• Correlation, as our basic research theories tell us, can never prove causation. All of the studies examined by Moore et al. (2007) were correlational in nature. Further, the additional use of meta-analytic grouping techniques cannot turn correlational data into experimental data no matter how sophisticated the statistics. This means that, while the trends and the thrust of the data seems to make marijuana a very promising explanatory causal factor in the development of some of the psychoses that these research participants developed, such a link has not been conclusively demonstrated. And, while the gross odds ratio speaks of a 41% increased risk, the authors themselves acknowledge the impact of confounding and other variables in lowering the risk percentage in the studies they examined. Hence, we are left without a good estimate of what the actual increased risk might be.
  • This last point is related to a fundamental set of questions about causality in the area of drug risk research. The primary question concerns how much the decision to use marijuana (in earlier life) and the development of a psychotic illness (in later life) might BOTH be causally related to an underlying third factor. Might it be possible that there is a genetic determinant or a genetic x environmental interactive determinant that could explain a large proportion of the relationship identified in this study? Alternatively, since we know that psychosis tends to emerge in adulthood rather than adolescence, might it be possible that pre-psychotic adolescents might be "self-medicating" or using marijuana to ward off their sense of an increasingly unstable or deteriorating psychological state and this would then serve to explain the sequence of drug use preceeding the appearance of tangible psychotic symptoms? Such questions demand further study.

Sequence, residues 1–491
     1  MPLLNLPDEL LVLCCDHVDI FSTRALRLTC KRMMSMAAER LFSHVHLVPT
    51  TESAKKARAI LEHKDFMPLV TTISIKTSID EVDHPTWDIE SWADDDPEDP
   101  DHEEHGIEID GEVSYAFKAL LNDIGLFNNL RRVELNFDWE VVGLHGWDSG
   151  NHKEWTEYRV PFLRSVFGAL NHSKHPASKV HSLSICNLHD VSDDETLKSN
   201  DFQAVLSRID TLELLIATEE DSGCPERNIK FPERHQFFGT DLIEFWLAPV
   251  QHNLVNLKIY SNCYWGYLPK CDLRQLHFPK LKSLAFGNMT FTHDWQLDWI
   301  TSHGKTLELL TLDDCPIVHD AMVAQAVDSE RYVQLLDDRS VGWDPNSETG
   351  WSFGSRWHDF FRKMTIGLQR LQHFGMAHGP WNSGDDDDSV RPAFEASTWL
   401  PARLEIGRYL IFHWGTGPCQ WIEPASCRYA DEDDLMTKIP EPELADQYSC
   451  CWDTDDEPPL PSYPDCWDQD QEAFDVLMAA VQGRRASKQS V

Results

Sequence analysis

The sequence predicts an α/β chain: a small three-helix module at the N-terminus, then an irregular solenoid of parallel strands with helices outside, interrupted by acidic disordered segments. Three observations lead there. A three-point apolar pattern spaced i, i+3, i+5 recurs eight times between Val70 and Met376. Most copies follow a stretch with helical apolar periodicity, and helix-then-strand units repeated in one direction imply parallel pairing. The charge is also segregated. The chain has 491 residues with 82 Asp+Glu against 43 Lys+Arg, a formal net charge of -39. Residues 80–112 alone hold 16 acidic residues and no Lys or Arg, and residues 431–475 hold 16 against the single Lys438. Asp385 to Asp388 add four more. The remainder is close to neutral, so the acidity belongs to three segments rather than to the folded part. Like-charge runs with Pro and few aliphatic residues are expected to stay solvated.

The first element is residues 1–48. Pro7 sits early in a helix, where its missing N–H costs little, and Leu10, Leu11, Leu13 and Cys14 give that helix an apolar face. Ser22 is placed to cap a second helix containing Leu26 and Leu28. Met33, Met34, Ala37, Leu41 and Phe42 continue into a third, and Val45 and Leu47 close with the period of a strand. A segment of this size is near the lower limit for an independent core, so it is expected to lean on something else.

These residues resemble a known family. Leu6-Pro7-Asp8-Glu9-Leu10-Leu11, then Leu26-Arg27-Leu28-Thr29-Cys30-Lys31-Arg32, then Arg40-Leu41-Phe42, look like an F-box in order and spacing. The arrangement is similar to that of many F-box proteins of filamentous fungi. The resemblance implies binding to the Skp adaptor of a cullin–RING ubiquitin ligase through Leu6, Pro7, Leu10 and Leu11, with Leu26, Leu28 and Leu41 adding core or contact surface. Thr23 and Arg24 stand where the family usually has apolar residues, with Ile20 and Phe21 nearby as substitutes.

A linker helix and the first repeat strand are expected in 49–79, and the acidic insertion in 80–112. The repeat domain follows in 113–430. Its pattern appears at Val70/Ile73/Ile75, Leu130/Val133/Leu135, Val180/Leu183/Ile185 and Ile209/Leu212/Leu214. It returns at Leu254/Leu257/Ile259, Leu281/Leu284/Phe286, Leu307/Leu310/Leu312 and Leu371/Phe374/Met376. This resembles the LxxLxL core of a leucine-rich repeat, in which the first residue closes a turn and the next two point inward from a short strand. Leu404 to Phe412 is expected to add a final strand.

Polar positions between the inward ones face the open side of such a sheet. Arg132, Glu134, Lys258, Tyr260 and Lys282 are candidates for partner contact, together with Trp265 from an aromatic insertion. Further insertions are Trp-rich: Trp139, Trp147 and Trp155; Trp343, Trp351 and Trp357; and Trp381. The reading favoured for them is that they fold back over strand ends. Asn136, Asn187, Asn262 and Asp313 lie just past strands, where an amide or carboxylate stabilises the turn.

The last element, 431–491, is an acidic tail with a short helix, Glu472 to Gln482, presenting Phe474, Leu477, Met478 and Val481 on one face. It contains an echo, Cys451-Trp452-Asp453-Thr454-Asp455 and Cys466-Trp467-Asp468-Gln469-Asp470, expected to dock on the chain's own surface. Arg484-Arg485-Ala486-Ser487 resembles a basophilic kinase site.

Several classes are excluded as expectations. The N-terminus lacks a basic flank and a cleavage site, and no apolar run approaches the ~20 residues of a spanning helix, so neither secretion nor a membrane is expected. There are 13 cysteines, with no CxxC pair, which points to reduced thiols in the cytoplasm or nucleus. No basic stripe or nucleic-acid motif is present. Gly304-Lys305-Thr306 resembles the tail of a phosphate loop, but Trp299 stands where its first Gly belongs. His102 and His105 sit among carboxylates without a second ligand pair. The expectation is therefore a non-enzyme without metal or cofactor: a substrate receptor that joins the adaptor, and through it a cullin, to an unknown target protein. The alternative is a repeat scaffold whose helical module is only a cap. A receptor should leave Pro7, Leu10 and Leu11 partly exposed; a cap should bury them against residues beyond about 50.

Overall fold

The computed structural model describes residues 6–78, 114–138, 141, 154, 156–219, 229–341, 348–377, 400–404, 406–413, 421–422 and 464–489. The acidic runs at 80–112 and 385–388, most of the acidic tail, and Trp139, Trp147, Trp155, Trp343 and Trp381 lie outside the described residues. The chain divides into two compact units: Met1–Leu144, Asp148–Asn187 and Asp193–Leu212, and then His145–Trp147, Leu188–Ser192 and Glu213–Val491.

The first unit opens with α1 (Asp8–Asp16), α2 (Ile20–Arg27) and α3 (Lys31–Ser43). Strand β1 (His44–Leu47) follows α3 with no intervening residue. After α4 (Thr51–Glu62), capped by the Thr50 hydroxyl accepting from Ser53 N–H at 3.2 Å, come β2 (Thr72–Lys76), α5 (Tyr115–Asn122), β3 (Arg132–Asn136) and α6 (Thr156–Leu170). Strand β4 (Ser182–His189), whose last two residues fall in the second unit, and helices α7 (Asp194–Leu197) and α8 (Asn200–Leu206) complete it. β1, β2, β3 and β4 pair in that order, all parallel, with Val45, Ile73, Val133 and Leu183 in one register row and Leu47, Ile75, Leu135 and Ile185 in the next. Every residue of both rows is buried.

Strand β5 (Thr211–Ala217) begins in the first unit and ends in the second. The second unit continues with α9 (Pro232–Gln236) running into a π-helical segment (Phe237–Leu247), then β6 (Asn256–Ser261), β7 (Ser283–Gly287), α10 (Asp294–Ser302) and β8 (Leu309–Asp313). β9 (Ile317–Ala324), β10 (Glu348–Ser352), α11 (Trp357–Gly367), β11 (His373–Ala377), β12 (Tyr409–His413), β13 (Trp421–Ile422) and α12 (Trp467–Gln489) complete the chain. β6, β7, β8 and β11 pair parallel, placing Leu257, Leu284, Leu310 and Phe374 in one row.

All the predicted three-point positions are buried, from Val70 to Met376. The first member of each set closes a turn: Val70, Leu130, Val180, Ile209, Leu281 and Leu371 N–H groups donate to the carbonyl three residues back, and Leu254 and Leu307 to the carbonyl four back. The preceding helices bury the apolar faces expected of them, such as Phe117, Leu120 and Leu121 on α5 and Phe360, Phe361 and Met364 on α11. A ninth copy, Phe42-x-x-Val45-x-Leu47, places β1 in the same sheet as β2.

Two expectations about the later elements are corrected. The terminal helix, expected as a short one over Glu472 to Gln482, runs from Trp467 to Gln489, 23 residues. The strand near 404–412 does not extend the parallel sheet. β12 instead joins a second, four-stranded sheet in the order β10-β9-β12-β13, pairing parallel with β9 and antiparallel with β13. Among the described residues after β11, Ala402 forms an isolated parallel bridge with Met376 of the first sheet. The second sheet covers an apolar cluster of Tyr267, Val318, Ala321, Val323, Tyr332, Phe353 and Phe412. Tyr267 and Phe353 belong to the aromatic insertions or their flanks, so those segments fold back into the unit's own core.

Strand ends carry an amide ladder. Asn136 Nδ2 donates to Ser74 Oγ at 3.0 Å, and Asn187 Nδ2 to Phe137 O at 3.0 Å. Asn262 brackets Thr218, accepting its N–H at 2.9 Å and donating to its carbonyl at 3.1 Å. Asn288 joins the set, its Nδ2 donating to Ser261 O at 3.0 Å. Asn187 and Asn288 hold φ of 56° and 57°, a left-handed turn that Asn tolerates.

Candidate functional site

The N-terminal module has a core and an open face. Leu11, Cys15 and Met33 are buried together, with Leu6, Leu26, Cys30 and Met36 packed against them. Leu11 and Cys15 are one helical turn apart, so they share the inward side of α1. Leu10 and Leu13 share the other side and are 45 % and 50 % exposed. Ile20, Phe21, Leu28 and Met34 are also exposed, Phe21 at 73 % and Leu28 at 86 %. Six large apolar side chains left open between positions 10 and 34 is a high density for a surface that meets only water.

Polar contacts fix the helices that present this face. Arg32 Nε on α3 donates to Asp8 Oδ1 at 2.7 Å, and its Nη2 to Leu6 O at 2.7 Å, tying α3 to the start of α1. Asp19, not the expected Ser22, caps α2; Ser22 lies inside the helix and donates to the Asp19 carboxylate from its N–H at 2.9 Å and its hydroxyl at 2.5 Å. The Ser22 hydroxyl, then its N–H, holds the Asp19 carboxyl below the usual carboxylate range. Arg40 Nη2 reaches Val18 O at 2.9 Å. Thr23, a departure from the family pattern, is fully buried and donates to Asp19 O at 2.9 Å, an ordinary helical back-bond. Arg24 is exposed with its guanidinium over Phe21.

Target article: Moore, T. H. M., Zammit, S., Lingford-Hughes, A., Barnes, T. R. E., Jones, P. B., Burke, M., Lewis, G. (2007, July 28-August 3). Cannabis use and risk of psychotic or affective mental health outcomes: A systematic review. The Lancet, 370, 319-328.
Press release
: Cannabis could increase risk of psychotic illness in later life by over 40 percent [Press release]. (2007, July 26). EurekAlert!.